Merthyr

The Big Welsh Walk – Cyfarthfa Ironworks and its Landscape

As part of the Big Welsh Walk campaign, GGAT will be carrying out a circular tour to look at the ironworks, its water management and transport systems, as well as some of the places where the people associated with it lived. No dark Satanic mills here now – most of our walk follows the Taff Trail through beautiful scenery at the edge of the Brecon Beacons.

Distance: 7km

Duration: 3.5 hours

Dates: 23 May 2015

Times: 10.00am – 1.30pm (approx)

Start/Parking: In front of Cyfarthfa Castle main entrance

Be sure that you have stout footwear and suitable clothing. Please follow the Countryside Code: http://www.countrysidecodewales.org.uk

To book a place on the walk and for more information, contact Dr Edith Evans
edith@ggat.org.uk, or phone 01792 634227
.
Places are limited to 30 on this walk.

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Archaeology for All!

The fantastic Festival of Archaeology is once more upon us, and GGAT kick off their activities for the festival with our flagship ‘Archaeology for All!‘ event on Saturday 12th July. 
This year the event is being held within the beautiful surroundings of Cyfarthfa Castle, in association with the Merthry Tydfil Heritage ForumThere will be Roman Cooking, Medieval Archery, Rural skills demonstrations, Archwilio, and that firm family favorite the Body in the Box!.  
The fun starts at 9:30am. Hope to see you there!  

Ynysfach Ironworks site Online Now!

The ironworks of Merthyr Tydfil have often been described as the ´Engine of Empire´. You can now learn more about one of these important sites by visiting our new ‘Ynysfach Ironworks microsite‘. Watch the CGI animation, view the reconstruction drawings, and learn all about this important ironworks and the excavations that GGAT have carried out there.

Ynysfach website

Cyfarthfa Ironworks, Merthyr Tydfil

Over the past 2 months GGAT has been excavating at the former Cyfarthfa Ironworks, Merthyr Tydfil. The development area is situated in what was once the coke yard and associated ovens connected to the ironworks. The excavation has revealed multiphase forges, smithies, coke ovens, calcining kilns, coal stores, a marshalling yard and office buildings.

Changes to tomorrows FBA walk

Our colleagues in the Brecon Beacons National Park tell us that there’s so much water on the mountain that it’s not possible to do the advertised Mynydd y Glog walk tomorrow, the 18th July.
However, Dr Edith Evans, who will be leading the walk, does have a Plan B.  This entails still meeting at the layby next to the Penderyn Distillery, but then driving to a few miles to Cyfarthfa Castle in Merthyr Tydfil, and do a circular walk to look the remains of the internationally important Cyfarthfa Ironworks and a wide range of sites associated with them, from the quarries, tramroads and water supply, to the houses for the people who worked there.  This is a shorter walk and should finish at around lunchtime.  Hope to see you there.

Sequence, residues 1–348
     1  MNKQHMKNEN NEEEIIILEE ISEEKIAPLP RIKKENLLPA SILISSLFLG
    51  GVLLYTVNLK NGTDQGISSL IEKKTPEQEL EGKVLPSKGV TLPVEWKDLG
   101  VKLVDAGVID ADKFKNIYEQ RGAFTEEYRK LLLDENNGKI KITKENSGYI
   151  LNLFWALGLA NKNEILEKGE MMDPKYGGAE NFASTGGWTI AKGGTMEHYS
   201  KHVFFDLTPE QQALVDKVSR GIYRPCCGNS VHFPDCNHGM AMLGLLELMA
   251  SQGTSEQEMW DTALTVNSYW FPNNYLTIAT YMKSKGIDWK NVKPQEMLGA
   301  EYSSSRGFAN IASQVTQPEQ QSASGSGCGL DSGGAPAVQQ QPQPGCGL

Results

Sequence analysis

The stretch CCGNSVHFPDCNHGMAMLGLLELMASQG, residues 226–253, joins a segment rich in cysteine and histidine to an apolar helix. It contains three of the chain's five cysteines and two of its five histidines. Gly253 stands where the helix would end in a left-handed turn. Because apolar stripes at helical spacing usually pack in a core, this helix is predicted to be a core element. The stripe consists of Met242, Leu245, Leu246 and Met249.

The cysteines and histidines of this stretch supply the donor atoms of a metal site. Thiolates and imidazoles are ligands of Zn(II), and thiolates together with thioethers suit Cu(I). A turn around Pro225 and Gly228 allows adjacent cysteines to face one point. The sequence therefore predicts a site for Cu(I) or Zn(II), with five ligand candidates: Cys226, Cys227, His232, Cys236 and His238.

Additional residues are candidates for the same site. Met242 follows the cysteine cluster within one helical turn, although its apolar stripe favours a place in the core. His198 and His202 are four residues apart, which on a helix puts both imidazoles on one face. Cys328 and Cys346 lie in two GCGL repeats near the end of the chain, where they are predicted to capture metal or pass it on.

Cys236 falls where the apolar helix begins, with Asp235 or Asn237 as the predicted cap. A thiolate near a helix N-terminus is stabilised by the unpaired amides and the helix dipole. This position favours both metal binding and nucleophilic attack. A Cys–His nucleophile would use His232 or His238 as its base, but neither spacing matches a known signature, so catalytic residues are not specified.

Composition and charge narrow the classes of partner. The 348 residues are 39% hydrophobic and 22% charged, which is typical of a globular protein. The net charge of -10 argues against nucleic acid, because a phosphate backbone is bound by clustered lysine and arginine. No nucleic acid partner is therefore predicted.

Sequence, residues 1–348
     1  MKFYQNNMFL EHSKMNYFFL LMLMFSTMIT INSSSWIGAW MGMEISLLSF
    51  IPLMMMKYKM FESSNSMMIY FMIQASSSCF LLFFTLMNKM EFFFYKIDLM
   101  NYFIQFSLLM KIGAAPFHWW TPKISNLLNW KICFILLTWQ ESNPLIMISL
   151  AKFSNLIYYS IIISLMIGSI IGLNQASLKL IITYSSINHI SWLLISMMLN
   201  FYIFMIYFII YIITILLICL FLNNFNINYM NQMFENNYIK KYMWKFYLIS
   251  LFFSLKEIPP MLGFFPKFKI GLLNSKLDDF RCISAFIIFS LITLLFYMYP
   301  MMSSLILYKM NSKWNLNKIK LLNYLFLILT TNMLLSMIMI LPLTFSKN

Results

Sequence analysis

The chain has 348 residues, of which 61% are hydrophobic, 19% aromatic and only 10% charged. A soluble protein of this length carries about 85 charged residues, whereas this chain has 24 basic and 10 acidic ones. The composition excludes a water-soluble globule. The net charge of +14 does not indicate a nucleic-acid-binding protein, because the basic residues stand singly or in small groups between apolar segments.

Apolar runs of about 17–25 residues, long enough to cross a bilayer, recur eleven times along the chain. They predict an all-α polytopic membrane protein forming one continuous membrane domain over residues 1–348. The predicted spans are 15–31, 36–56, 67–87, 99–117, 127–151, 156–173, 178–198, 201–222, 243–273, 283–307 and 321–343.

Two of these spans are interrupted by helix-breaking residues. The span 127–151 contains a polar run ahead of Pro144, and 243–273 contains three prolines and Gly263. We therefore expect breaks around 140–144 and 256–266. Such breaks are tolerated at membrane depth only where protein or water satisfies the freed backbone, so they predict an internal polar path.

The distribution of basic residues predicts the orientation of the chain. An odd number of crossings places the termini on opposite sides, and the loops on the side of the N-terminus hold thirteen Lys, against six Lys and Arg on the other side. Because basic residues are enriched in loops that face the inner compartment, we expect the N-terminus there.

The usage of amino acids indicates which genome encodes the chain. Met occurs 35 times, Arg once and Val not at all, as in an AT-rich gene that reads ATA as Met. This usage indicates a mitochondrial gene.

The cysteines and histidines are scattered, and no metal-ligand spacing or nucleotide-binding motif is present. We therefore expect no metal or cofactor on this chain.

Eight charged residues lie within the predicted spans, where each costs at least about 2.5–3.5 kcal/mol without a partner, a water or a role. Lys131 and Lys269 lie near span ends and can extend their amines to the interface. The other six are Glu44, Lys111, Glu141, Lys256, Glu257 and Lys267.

Cyfarthfa Ironworks
 For more information on this walk or any of the other GGAT events, contact enquires@ggat.org.uk

GGAT short listed for British Archaeological Award

The Glamorgan Gwent Archaeological Trust and Miller Argent (South Wales) Ltd have been shortlisted for the prestigious 2012 British Archaeological Awards for their landmark archaeological project at Ffos-y-fran, Merthyr Tydfil, South Wales.

The Ffos-y-fran project involved the investigation of arguably one of the most important early extractive industrial landscapes in the world and has made it into the top three projects in the ‘Best Project’ category.  The winner will be announced at an awards ceremony in July.

A GGAT archaeologist recording a feature at Ffos-y-fran

Day in the life of an archaeological planning officer-ongoing

Our main method of finding out where development is going to occur is by checking the weekly planning list produced by the Local Planning authorities (LPA) each week. Two new ones, for Cardiff and Swansea, have been issued this morning so I go through them and note the applications that may have archaeological implications. Today there were 60 registered applications and I identified 11 that could have an impact on archaeological sites. I then checked those with the Historic Environment Record (HER) and also against the early editions of the Ordnance Survey (there are still a lot of post-medieval sites that are not included in the HER and sometimes we can spot these using the old maps). Three of the identified applications appear to be likely to have an impact on the archaeological resource so I enter them into our register so that detailed analysis and advice to the LPA can be prepared later.

Richard Lewis (Head of Projects) came to see me to explain that it appears that a major breach of a planning condition has occurred on a very sensitive archaeological site. I phone the relevant LPA only to find that the Officer dealing with the application and the Head of Planning are both at a meeting outside the Council’s offices. A helpful assistant promises to send me the full set of planning conditions for the development and gave me the name and direct telephone contact for the Enforcement Officer, in case I feel action is required.